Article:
lunedì 4 agosto 2014

Football League 2014-2015 coaching talking points

The new Championship season is set to star and there are a lot of storylines to take a look to. Some involve the new managers, particularly two: Sami Hyypia and Aitor Karanka. Former Liverpool centre-back was unemployed since being sacked by Bundesliga club Bayer Leverkusen in April and he found a new home at Brighton. Despite the sacking, Finnish managerial record netted a win percentage of 54.35% over two seasons in Germany, during the which Hyypia managed to keep Leverkusen in the race for a Champions League spot. Obviously, there are some concerns as he was sacked following a stretch in which Leverkusen managed up just five league points from a possible 27 with three consecutive losses consecutive to Schalke, Wolfsburg and Mainz. Former Liverpool captain is still young and he’s learning the management job. Even if he has a defensive oriented mind, his tactical knowledge is improving since he took the job in 2012. Hyypia is the third consecutive foreign managers for Brighton, following South American Gus Poyet and Spaniard Oscar Garcia. In his first press conference, Hyyppia stressed the importance to have his team more incisive in the transition to attack, a thing that recently lacked under tiki-taka supporters Poyet and Oscar Garcia. “I like a possession game but a possession game with the purpose to score a goal," he told "transitions are very important nowadays and we have been working on quick transitions from defensive to offensive. From what I saw from last year, that did not happen a lot... Now hopefully it will be different.”

Karanka is the latest fruit of José Mourinho’s coaching three to take charge of a team. The Portuguese disciple is approaching his first full Championship season as Middlesbrough’s manager. As his mentor, Karanka is a coach demanding total dedication from his players. He also shared his philosophy with Mourinho as the Spaniard enjoyed running mostly a strict 4-2-3-1 formation in the 32 games Boro played since Karanka was appointed. By the way, he showed flashes of flexibility last season as when he switched to a 5-3-2 lining up a five-men backline in the victory against Burnley. In general no one can argue that Boro found a lot of defensive stability since Karanka went in. The problem was in attack. That’s the main reason that lead Karanka to sign Real Murcia’s forward Kike for £3m. Boro’s hopes are that Kike will solve last season team’s struggle to score goals. Answering questions about why he stayed too adherent to his 4-2-3-1 formation, Karanka told that he didn’t have at his disposal the right personnel to field two forward. With Kiko, Karanka has the chance to be more flexible this term.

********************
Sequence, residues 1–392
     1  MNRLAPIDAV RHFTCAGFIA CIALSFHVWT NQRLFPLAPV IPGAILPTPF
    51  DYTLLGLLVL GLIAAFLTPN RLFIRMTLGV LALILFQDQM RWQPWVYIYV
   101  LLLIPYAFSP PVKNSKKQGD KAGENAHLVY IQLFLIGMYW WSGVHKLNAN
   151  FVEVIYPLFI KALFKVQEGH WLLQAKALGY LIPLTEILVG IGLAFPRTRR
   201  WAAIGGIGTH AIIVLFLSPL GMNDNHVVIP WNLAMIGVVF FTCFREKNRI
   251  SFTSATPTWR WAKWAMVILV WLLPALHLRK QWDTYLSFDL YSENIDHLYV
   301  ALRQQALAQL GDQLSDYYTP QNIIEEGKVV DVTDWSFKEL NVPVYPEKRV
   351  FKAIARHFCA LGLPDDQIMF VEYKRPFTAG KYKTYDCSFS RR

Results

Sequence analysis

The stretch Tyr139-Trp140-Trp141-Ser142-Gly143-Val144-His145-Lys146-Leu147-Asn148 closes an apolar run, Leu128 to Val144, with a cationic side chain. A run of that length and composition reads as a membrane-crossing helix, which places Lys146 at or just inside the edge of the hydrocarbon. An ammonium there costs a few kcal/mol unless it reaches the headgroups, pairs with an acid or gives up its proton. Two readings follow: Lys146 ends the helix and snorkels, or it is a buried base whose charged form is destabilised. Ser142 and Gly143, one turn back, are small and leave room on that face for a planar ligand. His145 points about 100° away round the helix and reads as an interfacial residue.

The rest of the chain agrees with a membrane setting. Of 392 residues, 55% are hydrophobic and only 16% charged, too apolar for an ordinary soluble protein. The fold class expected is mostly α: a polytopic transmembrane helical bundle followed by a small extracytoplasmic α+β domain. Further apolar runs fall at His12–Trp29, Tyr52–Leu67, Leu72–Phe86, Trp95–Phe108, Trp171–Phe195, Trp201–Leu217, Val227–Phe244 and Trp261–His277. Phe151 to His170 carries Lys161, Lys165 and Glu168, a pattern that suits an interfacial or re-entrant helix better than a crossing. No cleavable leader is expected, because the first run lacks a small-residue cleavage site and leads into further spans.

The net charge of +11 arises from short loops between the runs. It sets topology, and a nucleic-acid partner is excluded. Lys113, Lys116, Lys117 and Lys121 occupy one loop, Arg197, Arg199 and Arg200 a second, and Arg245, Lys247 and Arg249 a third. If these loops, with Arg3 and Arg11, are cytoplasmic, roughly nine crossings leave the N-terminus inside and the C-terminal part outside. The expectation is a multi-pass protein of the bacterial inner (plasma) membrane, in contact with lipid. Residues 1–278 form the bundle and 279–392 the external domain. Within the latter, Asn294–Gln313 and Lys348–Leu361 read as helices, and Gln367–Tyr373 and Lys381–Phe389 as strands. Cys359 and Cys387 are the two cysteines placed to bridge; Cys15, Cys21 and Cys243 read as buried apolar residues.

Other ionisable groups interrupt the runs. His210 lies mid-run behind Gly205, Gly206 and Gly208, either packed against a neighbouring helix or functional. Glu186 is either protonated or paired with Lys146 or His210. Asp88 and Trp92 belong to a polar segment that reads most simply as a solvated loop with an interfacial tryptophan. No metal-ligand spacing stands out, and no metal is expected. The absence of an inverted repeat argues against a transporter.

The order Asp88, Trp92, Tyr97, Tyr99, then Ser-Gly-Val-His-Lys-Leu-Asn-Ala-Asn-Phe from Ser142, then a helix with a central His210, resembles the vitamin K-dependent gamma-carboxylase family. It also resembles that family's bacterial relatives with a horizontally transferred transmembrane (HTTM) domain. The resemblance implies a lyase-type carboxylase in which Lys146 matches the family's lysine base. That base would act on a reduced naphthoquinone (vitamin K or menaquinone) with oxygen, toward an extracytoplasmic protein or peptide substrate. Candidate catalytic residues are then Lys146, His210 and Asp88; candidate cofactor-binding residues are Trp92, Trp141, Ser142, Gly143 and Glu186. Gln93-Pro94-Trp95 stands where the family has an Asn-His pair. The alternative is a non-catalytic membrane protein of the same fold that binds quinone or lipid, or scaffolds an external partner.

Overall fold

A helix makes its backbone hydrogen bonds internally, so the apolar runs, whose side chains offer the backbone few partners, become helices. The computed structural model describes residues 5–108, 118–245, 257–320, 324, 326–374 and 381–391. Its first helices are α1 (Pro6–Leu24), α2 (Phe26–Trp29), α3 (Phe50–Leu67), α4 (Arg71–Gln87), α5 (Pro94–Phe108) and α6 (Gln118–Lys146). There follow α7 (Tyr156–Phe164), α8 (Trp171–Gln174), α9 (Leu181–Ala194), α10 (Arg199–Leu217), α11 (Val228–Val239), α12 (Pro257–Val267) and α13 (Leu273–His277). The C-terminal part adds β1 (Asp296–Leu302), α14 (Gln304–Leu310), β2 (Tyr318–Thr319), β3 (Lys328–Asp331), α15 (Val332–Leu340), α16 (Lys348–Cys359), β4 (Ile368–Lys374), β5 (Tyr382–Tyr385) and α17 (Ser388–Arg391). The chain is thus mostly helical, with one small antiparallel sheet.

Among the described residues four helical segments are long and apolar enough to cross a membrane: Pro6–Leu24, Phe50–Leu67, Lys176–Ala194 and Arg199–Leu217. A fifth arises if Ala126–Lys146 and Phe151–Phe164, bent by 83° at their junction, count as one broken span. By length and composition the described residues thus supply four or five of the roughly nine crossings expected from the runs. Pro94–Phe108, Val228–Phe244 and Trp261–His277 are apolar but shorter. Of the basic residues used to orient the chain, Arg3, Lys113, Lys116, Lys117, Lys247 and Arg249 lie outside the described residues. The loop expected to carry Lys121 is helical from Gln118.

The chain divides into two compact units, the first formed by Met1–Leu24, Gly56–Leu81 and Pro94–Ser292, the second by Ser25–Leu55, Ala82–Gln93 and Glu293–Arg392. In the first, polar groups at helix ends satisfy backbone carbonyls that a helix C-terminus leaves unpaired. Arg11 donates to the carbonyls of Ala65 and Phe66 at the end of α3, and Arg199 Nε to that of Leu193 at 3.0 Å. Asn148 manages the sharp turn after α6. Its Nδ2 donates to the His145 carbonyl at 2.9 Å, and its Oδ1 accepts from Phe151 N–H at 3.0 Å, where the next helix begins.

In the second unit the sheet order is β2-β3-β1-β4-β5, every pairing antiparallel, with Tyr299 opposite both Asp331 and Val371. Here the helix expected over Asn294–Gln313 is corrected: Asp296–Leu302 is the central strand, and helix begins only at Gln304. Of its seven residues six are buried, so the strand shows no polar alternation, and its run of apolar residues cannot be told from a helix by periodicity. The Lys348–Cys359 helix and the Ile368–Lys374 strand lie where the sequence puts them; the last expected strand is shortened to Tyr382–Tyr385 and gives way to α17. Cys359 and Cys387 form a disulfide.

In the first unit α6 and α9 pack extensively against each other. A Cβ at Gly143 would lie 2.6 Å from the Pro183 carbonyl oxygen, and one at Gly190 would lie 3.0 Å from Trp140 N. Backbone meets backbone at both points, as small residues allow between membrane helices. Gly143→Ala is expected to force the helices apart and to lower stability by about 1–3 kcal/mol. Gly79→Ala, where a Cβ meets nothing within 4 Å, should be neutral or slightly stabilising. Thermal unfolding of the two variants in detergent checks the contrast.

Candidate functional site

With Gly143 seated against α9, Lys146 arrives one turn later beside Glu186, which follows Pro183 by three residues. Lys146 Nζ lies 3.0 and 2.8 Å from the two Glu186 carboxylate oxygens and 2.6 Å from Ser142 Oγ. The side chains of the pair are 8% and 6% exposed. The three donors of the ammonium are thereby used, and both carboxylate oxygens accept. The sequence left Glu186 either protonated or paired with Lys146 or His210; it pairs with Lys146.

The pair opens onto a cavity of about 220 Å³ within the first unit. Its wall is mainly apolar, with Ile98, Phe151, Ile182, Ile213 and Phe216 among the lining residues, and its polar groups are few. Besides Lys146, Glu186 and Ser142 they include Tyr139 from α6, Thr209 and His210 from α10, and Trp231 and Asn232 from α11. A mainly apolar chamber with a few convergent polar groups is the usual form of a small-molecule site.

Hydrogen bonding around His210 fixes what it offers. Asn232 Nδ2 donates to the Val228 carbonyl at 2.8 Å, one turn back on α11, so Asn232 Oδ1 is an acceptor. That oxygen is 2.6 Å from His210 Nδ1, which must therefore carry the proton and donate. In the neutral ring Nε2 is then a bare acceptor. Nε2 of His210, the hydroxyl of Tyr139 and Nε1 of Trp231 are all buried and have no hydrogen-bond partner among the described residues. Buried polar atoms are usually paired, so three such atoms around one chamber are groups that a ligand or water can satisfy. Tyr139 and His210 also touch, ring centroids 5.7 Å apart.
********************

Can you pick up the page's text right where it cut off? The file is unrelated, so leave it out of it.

Other than the former great footballers, there is also a couple of Belgians to take a look too. The former Millwall midfielder Bob Peeters arrived at Charlton as the third coach appointed by the club’s Belgian owner, Roland Duchâtelet, since he bought the club back in January. The 40-year-old replaced Jose Riga in the sideline at the Valley. Peeters has accumulated experience in the Belgian Juplier League  coaching Cercle Brugge, Gent and Waasland-Beveren. He already worked with Duchâtelet and it could help the relationship between the chairman and the manager. Peeters’ first goal will be to quickly install the newcomers into a settled team.

Another Belgian, Jose Riga, that man that guided Charlton to Championship before to be replaced by Peeters, will coach Blakpool this season. Riga survived through a though rollercoaster, being hired as Charlton manager in March, axed two months later, appointed by Blakpool in June and threatened to leave in July as his team have cancelled a stretch of pre-season friendly games in Spain due to the fact they have signed just eight players against the 27 footballers that left Bloomfield Road during this summer. Consider that Blackpool have signed a goalkeeper -- Joe Lewis on loan from Cardiff -- just four days before their Championship opener at Nottingham Forest. Riga is highly touted for his tactics and methods and has a reputation for developing young players. Well known as a 4-4-2 fan, Riga will have to show some kind of adaptability to his new roster.

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